And when they were come to Capernaum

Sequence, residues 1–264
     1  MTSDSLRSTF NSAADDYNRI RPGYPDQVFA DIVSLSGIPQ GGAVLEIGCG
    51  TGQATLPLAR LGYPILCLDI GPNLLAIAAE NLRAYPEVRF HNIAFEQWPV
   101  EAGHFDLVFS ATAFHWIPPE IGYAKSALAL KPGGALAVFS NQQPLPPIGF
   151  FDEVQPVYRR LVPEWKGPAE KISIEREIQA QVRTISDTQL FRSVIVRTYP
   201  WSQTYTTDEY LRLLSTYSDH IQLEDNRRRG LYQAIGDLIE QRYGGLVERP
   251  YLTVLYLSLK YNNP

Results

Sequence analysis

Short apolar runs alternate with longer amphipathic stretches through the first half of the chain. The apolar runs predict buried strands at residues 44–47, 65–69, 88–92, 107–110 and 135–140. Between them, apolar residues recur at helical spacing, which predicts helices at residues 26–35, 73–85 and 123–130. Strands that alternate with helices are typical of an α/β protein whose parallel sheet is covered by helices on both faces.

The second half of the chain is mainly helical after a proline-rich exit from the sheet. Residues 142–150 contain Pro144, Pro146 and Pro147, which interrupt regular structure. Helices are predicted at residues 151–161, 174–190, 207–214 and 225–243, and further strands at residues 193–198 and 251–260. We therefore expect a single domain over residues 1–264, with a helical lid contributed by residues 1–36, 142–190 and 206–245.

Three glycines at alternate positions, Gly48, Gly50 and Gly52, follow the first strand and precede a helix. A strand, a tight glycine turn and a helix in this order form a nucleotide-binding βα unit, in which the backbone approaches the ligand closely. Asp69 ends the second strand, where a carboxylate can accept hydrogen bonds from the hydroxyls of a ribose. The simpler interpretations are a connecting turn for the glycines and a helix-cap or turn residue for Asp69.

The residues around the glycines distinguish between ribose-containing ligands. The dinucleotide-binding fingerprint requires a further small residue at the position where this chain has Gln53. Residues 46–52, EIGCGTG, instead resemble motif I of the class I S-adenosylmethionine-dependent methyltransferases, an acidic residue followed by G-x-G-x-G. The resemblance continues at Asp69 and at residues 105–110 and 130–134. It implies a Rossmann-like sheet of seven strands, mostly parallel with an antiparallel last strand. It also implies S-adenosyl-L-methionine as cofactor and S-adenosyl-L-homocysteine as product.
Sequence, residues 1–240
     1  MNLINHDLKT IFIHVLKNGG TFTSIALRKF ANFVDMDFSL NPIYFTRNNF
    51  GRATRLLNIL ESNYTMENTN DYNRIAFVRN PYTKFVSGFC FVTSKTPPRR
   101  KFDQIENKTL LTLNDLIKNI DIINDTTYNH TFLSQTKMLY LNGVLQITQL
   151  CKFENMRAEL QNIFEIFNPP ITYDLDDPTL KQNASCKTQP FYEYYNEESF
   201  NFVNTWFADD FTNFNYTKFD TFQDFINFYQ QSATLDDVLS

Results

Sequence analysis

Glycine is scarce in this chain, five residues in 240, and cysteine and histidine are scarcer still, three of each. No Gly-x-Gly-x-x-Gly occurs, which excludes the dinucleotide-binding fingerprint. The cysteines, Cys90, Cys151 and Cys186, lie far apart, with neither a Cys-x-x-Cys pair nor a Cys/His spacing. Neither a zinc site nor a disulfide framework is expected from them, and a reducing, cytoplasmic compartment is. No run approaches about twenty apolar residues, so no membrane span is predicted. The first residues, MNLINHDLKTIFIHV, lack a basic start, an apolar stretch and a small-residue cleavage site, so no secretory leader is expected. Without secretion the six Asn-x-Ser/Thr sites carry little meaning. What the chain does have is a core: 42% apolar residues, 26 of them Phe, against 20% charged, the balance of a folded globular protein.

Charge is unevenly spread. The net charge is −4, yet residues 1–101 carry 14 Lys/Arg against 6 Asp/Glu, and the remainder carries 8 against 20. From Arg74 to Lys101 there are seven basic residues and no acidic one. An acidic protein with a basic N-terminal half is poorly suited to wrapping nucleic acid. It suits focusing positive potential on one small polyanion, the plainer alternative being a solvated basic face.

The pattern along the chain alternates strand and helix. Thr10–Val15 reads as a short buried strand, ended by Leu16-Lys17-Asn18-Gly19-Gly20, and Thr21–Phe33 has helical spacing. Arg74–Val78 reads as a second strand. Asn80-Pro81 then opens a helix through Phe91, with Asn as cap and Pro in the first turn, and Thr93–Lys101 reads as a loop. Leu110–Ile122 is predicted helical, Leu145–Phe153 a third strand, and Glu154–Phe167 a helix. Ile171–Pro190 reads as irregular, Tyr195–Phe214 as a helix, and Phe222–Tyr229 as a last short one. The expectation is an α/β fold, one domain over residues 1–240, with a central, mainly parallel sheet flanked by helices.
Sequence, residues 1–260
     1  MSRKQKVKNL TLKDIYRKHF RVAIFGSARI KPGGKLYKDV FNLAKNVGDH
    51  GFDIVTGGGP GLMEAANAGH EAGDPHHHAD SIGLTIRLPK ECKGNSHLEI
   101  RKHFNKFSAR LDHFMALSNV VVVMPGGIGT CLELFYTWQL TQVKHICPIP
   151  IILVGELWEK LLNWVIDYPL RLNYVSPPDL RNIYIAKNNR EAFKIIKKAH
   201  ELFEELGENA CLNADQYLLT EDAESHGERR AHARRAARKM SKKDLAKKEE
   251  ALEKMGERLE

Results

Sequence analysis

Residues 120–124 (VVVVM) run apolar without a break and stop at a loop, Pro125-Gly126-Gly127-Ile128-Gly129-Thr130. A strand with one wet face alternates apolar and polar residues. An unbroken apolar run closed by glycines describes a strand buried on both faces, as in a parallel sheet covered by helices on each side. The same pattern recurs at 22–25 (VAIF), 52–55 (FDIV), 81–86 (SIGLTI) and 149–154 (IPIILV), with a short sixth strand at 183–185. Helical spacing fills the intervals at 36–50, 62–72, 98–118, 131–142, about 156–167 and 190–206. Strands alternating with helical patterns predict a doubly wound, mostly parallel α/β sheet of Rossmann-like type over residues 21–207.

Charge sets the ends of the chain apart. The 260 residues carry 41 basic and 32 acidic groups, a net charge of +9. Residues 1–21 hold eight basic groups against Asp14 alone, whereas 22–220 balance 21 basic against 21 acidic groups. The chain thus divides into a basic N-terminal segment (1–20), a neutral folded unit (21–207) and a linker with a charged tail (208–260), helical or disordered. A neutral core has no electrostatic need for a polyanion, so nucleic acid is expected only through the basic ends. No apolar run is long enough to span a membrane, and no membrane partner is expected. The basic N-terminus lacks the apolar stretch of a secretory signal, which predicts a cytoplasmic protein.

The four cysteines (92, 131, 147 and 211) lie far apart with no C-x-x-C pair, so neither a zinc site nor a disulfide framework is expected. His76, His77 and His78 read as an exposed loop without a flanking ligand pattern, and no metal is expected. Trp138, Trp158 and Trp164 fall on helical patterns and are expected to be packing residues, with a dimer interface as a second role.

Called Christ's own city, ( Matthew 9:1 ) where he dwelt some time ( Matthew 4:13 ) and Peter had an house, ( Matthew 8:14 ) "they that received tribute money", or the "didrachms"; in Talmudic language, it would be (Mylqvh Nybwg) F9, "they that collect the shekels": for not the publicans, or Roman tax gatherers are meant; nor is this to be understood of any such tribute: there was a tribute that was paid to Caesar, by the Jews; see ( Matthew 22:17 ) but that is expressed by another word, and was paid in other money, in Roman money, which bore Caesar's image and superscription; and was exacted of them, whether they would or not: but this designs the collection of the half shekel, paid yearly for the service of the temple: the original of this custom, was an order of the Lord to Moses, upon numbering the people; that everyone that was twenty years of age and upwards, should give half a shekel as atonement money, or as a ransom for his soul; which was to be disposed of for the service of the tabernacle, ( Exodus 30:12-16 ) . This does not appear to have been designed for a perpetual law, or to be paid yearly; nor even whenever the number of the people was taken, but only for that present time: in the time of Joash king of Judah, a collection was set on foot for the repair of the temple; and the collection of Moses in the wilderness, was urged as an argument, and by way of example; nor is any mention made of the half shekel, nor was any sum of money fixed they should pay; but, according to the account, it was entirely free and voluntary. In the time of Nehemiah, there was a yearly charge of the "third" part of a "shekel", for the service of the temple; but this was not done by virtue of a divine order, or any law of Moses, with which it did not agree; but by an ordinance the Jews then made for themselves, as their necessity required. Aben Ezra F11 indeed says, that this was an addition to the half shekel. Now in process of time, from these instances and examples, it became a fixed thing, that every year an half shekel should be paid by every Israelite, excepting women, children, and servants, towards defraying the necessary charges of the temple service, and this obtained in Christ's time. There is a whole tract in the Jewish Misna, called Shekalim; in which an account is given of the persons who are obliged to pay this money, the time and manner of collecting it, and for what uses it is put: and so it continued till the times of Titus Vespasian, who, as Josephus says F12, laid a tax of two drachms, the same with the half shekel, upon the Jews; and ordered it to be brought yearly into the capitol at Rome, as it used to have been paid into the temple at Jerusalem. We need not wonder that we hear of receivers of the half shekel at Capernaum; since once a year, on the "fifteenth" of the month Adar, tables were placed, and collectors sat in every city in Judea, as they did on the "twenty fifth" of the same month, in the sanctuary F13. The value of the half shekel, was about "fifteen pence" of our money. The Syriac version renders the word here used, "two zuzim of head money": now a "zuz" with the Jews, answered to a Roman penny, four of which made a "shekel" F14; so that two of them were the value of an half "shekel"; it is further to be observed, that shekels in Judea, were double the value of those in Galilee, where Christ now was: five "shekels" in Judea, went for ten in Galilee, and so ten for twenty F15. The receivers of this money